In his affidavit, the plaintiff averred that he first contacted Guinn by calling the telephone number posted on Guinn's Web site on or about Friday October 14, 2005. He stated that he also e-mailed Guinn. As related by the plaintiff in his affidavit, on or about Saturday, October 15, 2005, Guinn telephoned him at his home in Poughkeepsie, and the two had a 30-minute conversation about the project, during which Guinn offered to install the cross-ram and rebuild the Camaro's engine. As the plaintiff explained it, on each occasion when he spoke with Guinn, the plaintiff was situated in New York State.
The plaintiff averred that, on October 28, 2005, his wife ordered from the Internet Guinn's book, Camaro Untold Secrets: 1967-1969, as a gift for him after the plaintiff informed her of his conversations with Guinn and the services Guinn offered to perform. According to the plaintiff, Guinn shipped the book to the plaintiff's address in Poughkeepsie and wrote an inscription in the book, stating "[l]et[']s get together and do it the right way." The plaintiff recalled, in his affidavit, that on November 15, 2005, he received an e-mail from Guinn, in which Guinn stated, "[y]ou can have this work done at your place of preference or we can do it and make sure it is done right."
The plaintiff, in his affidavit, stated that after work commenced on the Camaro, in a telephone call in October 2006, Tischler informed him that an additional deposit in the sum of $3,000 would be required to continue the project. The plaintiff asserted that he mailed a check for this amount to Tischler's shop in New Jersey. The plaintiff further stated that he mailed an additional $2,000 check to Tischler in January 2007. As related by the plaintiff, Tischler called him in March 2007 and informed him that a balance of $7,205 was due. The plaintiff recounted that, upon request, Tischler faxed an invoice to him, which set forth the plaintiff's address in Poughkeepsie. The plaintiff also stated that, in fall 2007, Tischler sent a DVD to him in Poughkeepsie, containing photographs and video of Tischler working on the vehicle to serve as documentation of the work being performed.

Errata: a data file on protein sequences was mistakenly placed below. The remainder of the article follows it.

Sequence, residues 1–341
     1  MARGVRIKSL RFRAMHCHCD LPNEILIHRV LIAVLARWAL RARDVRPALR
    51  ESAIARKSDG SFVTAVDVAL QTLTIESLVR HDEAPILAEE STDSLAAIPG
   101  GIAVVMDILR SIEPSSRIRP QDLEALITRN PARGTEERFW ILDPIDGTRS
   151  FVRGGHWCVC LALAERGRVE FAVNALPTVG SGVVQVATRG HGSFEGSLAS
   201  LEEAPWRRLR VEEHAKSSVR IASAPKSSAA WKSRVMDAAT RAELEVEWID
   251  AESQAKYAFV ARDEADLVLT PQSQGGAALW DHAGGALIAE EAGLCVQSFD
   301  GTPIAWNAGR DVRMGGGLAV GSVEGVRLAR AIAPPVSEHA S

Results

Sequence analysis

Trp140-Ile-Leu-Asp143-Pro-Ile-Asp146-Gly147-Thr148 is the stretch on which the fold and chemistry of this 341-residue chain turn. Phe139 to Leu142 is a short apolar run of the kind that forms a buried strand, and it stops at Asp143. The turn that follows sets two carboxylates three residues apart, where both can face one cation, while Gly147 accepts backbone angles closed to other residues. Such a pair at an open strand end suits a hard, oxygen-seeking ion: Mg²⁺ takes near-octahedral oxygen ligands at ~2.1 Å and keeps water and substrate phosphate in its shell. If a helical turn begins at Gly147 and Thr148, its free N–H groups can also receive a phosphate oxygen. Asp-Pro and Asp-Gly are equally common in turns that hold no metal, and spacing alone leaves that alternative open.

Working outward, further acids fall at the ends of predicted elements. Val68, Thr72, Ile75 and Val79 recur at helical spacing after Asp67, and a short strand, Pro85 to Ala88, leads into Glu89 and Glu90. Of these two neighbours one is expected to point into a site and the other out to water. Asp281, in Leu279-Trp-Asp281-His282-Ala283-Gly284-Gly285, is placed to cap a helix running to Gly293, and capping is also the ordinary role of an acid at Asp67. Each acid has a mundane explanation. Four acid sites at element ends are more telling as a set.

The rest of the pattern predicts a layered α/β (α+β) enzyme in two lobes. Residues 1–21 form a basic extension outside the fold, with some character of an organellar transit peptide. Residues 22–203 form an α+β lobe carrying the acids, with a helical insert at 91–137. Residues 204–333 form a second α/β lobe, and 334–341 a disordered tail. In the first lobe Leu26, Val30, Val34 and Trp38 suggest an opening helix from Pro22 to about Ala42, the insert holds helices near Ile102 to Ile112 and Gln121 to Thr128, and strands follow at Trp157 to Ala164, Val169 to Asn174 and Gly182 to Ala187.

The plaintiff claimed that, between May 2007 and November 1, 2007, he received at least 12 telephone calls from Guinn and 15 telephone calls from Tischler regarding the status of the Camaro.
The plaintiff also noted, in his affidavit, that both Guinn and Tischler advertised on their websites, and on the eBay website, that they perform auto restoration services "in the Northeast."
The Order Appealed From
In an order dated July 18, 2008, the Supreme Court, inter alia, denied that branch of Guinn's motion, made jointly with Tischler, which was pursuant to CPLR 3211(a)(8) to dismiss the complaint insofar as asserted against him for lack of personal jurisdiction. The court observed that, pursuant to CPLR 302(a)(1), any nondomiciliary who transacts any business within New York State or contracts anywhere to supply goods or services in the State is subject to the personal jurisdiction of the New York courts. The Supreme Court concluded that, in communicating with the plaintiff, performing work on the plaintiff's vehicle, having others perform work on the plaintiff's vehicle, accepting payment from the plaintiff for that work, and providing goods and services to the plaintiff in New York, the movants subjected themselves to the court's jurisdiction. We note that Guinn is the only appellant here, as Tischler did not file a notice of appeal from the Supreme Court's order.
"A party may move for judgment dismissing one or more causes of action asserted against him on the ground that . . . the court has not jurisdiction of the person of the defendant" (CPLR 3211[a]). Under New York's long-arm jurisdiction statute, a court may exercise jurisdiction over a nondomiciliary who, in person or through an agent, "transacts any business within the state or contracts anywhere to supply goods or services in the state" (CPLR 302[a]; see Bogal v Finger, 59 AD3d 653).
"CPLR 302(a) is a single act statute [and] proof of one transaction in New York is sufficient to invoke jurisdiction, even though the defendant never enters New York, so long as the defendant's activities here were purposeful and there is a substantial relationship between the transaction and the claim asserted'" (Kimco Exch. Place Corp. v Thomas Benz, Inc., 34 AD3d 433, 434, quoting Deutsche Bank Sec., Inc. v Montana Bd. of Invs., 7 NY3d 65, 71, cert denied 549 US 1095; see Bogal v Finger, 59 AD3d 653). "[T]he growth of national markets for commercial trade, as well as technological advances in communication, enable a party to transact enormous volumes of business within a state without physically entering it" (Deutsche Bank Sec., Inc. v Montana Bd. of Invs., 7 NY3d at 71). Therefore, " [s]o long as a party avails itself of the benefits of the forum, has sufficient minimum contacts with it, and should reasonably expect to defend its actions there, due process is not offended if that party is subjected to jurisdiction even if not "present" in that State'" (id., quoting Kreutter v McFadden Oil Corp., 71 NY2d 460, 466).